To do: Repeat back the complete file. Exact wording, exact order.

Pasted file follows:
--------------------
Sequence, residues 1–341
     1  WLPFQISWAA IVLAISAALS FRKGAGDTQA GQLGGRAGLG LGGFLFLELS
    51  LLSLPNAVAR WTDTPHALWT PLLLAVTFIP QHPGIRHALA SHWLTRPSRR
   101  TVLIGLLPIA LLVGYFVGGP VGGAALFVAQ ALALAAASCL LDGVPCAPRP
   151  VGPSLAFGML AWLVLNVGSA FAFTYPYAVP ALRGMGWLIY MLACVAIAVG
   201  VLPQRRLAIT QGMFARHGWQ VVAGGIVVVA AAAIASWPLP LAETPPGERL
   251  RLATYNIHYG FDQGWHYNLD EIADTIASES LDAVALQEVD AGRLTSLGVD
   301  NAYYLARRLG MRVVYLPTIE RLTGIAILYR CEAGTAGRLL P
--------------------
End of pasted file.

Sequence, residues 1–341
     1  WLPFQISWAA IVLAISAALS FRKGAGDTQA GQLGGRAGLG LGGFLFLELS
    51  LLSLPNAVAR WTDTPHALWT PLLLAVTFIP QHPGIRHALA SHWLTRPSRR
   101  TVLIGLLPIA LLVGYFVGGP VGGAALFVAQ ALALAAASCL LDGVPCAPRP
   151  VGPSLAFGML AWLVLNVGSA FAFTYPYAVP ALRGMGWLIY MLACVAIAVG
   201  VLPQRRLAIT QGMFARHGWQ VVAGGIVVVA AAAIASWPLP LAETPPGERL
   251  RLATYNIHYG FDQGWHYNLD EIADTIASES LDAVALQEVD AGRLTSLGVD
   301  NAYYLARRLG MRVVYLPTIE RLTGIAILYR CEAGTAGRLL P